Author(s): József Eötvös Language: English Year of publication: 2022 Page Range: 618 ISBN: 978-3-949607-14-1 E-ISBN-13: 978-3-949607-15-8
Subject(s): Literary fiction, 19th Century
Translated by Bernard Adams
“We very much regret having read The Village Notary, for we envy those that have not done so the pleasure that is in store for them,” says a reviewer in February 1850. “Lovers of romance will find an unusual combination of materials for amusement and reflection,” says another reviewer, “scenes with which few in this country are familiar, descriptive of a people whose fortunes have excited a universal and anxious sympathy.”
Typical elements of the Romantic novel are present — wicked stepmother, thwarted lovers, devious lawyers, the innocent wronged, crime justly rewarded and (this is Hungary!) some galloping — and the action scarcely flags in this highly entertaining book. Between its first appearance in Hungary in 1845, however, and that of the 1850 translation there occurred the revolution of 1848–49 in which Hungary rose against Austria, to be defeated only when Russia intervened. As the historian deduces principles from facts, the novelist illustrates principles by narrative; the translation aroused much interest in England on political grounds, but — a week is a long time in politics! — in Hungary it was slammed on political grounds: Eötvös is critical not of Habsburg oppression but of the largely self-serving and indolent Hungarian common nobility. After 170 years, this re-translation may lose in topicality, but some aspects of mankind are for ever.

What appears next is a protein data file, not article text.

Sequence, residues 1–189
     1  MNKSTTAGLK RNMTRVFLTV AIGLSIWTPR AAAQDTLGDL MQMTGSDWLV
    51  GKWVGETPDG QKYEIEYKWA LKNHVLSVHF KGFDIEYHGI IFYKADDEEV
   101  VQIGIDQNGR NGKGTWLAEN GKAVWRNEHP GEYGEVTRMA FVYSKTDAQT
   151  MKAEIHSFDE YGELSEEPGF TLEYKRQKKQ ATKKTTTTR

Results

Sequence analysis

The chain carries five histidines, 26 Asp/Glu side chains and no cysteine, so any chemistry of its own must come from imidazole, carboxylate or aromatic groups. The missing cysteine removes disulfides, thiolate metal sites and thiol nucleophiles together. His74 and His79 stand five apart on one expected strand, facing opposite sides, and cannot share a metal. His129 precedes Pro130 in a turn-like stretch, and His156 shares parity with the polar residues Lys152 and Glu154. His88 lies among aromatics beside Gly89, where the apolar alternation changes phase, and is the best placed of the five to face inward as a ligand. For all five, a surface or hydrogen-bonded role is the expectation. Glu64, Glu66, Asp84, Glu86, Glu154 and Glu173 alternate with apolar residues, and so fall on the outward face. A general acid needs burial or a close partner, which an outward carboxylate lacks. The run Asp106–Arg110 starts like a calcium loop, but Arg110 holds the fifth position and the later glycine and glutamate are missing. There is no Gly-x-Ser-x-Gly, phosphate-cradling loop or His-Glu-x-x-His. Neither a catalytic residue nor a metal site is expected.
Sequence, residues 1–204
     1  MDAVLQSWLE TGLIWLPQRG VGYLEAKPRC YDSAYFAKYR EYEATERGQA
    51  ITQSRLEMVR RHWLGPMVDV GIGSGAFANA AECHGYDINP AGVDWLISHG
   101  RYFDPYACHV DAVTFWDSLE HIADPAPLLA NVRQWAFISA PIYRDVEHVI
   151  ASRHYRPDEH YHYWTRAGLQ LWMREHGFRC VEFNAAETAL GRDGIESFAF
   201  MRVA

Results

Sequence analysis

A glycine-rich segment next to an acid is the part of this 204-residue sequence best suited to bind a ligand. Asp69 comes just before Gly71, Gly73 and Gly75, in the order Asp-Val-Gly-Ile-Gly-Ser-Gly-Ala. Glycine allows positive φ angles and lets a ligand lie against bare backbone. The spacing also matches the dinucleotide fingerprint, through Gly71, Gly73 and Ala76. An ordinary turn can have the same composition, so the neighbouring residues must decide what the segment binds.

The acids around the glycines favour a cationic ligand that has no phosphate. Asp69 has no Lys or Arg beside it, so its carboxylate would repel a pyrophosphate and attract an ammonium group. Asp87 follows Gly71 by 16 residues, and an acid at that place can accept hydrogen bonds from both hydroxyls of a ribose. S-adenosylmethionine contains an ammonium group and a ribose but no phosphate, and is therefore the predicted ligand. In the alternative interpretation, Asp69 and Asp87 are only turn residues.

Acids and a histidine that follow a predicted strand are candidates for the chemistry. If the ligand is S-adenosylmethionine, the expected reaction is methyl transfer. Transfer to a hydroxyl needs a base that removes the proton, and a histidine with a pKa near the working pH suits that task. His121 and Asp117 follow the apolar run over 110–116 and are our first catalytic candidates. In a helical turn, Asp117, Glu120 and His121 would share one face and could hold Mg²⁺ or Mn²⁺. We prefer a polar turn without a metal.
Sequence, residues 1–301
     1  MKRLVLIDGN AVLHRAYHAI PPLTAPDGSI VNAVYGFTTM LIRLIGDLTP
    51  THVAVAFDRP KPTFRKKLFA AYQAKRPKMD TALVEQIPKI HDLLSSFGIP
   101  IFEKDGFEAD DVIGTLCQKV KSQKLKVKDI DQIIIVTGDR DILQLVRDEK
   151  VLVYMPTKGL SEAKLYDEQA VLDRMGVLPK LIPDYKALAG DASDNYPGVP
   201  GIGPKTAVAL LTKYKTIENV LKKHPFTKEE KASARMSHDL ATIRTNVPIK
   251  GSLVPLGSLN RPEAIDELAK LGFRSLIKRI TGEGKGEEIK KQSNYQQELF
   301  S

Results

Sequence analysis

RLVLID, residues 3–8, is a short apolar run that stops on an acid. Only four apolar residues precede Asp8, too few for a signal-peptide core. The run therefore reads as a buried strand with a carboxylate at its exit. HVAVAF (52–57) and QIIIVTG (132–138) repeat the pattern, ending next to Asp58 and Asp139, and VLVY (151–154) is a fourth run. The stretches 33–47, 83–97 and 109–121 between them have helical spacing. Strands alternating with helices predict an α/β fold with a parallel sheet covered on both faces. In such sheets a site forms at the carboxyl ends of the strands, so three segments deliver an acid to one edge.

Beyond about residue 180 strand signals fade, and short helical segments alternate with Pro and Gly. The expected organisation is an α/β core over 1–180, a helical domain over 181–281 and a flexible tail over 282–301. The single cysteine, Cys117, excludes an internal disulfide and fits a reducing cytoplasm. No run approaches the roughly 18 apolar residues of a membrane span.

The book holds a balance between racy tale and the author’s frequently trenchant commentary on the Hungary of his time. In the English translation of 1850 it is significantly abridged in favor of the racy tale, thus diluting Eötvös’s purpose not a little.
The present translation is made from the unabridged Hungarian, and one must hope that while being better informed of Eötvös’s aims the reader of this version will suffer no loss of entertainment.